Pastorals (Home, part 1)

This is the third post in a series of posts titled “Pastorals”.  One of the things that I have begun to realize about myself is that I tend to forget things quickly.  My goal in this series is to continually remind myself of the lessons that I have learned in ministry.

brothers_1 One of the truths that young pastors have to quickly reconcile themselves to is that there is simply no end of ministry to be done.  As a pastor your proverbial “inbox” is always full and if for some reason it seems to get low, prepare yourself because an avalanche is coming.  The reason for this is very simple, it is because you work outside of the garden and life outside of the garden is full of pain, sorrow, and need.  As a good shepherd, you must be attentive to the needs of the flock marrying, burying , counseling, preaching, exhorting, and rebuking them. 

Yet with all of the needs of your flock and the never ending stream of ministry opportunities, you must bear this in mind, your family is the foundation for your ministry.  Few things will disqualify a man as quickly and as decisively as a poorly cared for family.  It is true that the needs of your congregation are great, but I must remind you that the needs of your family are even greater.  Paul instructed Timothy that if a man neglects the care of his own family he is worse than an unbeliever (1 Timothy 5:8).  It is not enough for you to provide for their physical needs, you must care for all of their needs.  Your qualifications as a shepherd of God’s church are directly tied to your performance as a shepherd of your own family.  What this means is that your church desperately needs you to be a good shepherd to your wife and to your children, so that you can continue to be a good shepherd to the church body (1 Timothy 3:1-7).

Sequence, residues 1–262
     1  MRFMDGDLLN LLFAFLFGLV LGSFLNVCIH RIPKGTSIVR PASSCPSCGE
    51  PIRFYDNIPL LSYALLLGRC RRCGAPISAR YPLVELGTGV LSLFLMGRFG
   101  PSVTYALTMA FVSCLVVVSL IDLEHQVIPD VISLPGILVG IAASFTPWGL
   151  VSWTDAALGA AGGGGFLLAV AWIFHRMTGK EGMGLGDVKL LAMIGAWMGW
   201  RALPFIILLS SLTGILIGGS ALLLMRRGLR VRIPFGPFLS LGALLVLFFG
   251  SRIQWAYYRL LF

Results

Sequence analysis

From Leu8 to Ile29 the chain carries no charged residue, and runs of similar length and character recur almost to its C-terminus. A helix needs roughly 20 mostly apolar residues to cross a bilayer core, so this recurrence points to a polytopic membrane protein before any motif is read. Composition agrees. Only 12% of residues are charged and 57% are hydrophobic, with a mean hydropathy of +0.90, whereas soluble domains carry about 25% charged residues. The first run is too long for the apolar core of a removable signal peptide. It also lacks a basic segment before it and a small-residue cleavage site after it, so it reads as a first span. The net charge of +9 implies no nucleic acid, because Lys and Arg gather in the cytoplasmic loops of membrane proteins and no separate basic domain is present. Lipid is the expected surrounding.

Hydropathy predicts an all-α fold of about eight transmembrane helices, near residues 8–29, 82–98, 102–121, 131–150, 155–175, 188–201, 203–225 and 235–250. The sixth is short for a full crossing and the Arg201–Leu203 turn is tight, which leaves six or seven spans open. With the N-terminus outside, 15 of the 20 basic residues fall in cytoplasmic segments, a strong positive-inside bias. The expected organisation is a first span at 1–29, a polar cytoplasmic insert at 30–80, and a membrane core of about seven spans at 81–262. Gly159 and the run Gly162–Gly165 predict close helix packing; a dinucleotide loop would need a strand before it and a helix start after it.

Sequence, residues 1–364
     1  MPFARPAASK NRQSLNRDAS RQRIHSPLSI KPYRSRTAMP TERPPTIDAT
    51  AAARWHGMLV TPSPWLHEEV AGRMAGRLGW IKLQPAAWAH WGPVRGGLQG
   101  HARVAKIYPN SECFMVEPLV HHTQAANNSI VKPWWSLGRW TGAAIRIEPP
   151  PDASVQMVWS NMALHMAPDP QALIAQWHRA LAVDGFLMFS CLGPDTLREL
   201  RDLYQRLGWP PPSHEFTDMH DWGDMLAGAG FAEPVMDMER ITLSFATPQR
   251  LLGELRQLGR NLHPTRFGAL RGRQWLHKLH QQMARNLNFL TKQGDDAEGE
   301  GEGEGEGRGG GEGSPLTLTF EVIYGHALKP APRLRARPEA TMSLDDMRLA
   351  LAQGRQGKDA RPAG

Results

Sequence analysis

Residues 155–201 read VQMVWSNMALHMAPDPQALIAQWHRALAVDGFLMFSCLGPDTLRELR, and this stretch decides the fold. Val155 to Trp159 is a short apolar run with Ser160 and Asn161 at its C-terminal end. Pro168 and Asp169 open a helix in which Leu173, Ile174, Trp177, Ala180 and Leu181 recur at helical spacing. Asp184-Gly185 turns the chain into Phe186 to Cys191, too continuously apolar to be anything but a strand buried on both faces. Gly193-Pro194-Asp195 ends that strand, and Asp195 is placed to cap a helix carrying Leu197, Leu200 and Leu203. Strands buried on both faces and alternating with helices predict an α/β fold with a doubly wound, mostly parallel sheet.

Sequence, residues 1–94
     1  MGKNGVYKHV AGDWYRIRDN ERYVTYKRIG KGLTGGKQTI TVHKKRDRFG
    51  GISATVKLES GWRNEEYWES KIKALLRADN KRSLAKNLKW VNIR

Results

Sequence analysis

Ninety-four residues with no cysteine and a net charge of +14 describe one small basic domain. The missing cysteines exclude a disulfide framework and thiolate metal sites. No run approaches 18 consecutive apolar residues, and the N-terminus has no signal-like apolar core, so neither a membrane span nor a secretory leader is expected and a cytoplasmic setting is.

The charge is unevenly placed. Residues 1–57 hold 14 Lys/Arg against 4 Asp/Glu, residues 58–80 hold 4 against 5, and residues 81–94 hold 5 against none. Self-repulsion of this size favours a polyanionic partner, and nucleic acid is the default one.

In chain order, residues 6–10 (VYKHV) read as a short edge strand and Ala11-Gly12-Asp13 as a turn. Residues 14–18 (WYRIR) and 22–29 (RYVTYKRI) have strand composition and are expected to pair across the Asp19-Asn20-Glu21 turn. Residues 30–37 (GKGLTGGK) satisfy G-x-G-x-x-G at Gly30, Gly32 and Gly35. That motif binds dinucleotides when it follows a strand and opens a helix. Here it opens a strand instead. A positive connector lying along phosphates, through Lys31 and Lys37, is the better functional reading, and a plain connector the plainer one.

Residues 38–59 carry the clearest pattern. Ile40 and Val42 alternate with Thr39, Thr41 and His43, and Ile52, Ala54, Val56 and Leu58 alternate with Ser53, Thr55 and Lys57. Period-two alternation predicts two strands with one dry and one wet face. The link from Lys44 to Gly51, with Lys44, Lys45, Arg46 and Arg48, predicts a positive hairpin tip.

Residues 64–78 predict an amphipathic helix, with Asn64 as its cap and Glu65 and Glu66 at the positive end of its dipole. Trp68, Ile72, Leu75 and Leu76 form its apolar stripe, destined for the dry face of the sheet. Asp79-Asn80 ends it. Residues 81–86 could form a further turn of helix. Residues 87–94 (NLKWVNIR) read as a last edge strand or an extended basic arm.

Here are a few practical insights into what it means to be a good shepherd in your home:

1) Be home more nights than you are away.  The practical reality of your ministry at home is that most of it will happen at night, because you will usually be gone during the day.  In order for you to be a good shepherd at home, you must be home to shepherd.  It is true that there are seasons of extraordinary ministry, which require you to be gone for 4-5 nights out of the week or even to be gone for 1-2 weeks on a mission trip or similar event; however these must be the exception to the rule.  Strive to make it your rule to be home more nights than you are away.

2) When you are home, be home.  What I mean by this is, turn off your cell phone, leave your books at the office, turn off the TV, and engage in family life.  Technology is a powerful tool that can free us to get far more done than we could otherwise, however it can also be a cruel master enslaving us to its every beep and chirp all the while ignoring our children’s cries to play, wrestle and read.  When you are home, be at home.

3) In order to do numbers 1 & 2, you must be exceedingly diligent during the time you are at your office.  Forsake anything and everything that does not immediately contribute to your goal of shepherding the flock, in order to free yourself to spend the time caring for your family in the hours that you are at home.  Your ability to shepherd your family, is directly related to your stewardship of time while you are away from your family, so be diligent in your use of time and violent in your exclusion of actions, activities, and meetings that do not contribute to the care of the flock.

‘Til Sin is Bitter Christ will not be Sweet,

Drew Buell

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April 13 2009 05:00 am | Pastorals

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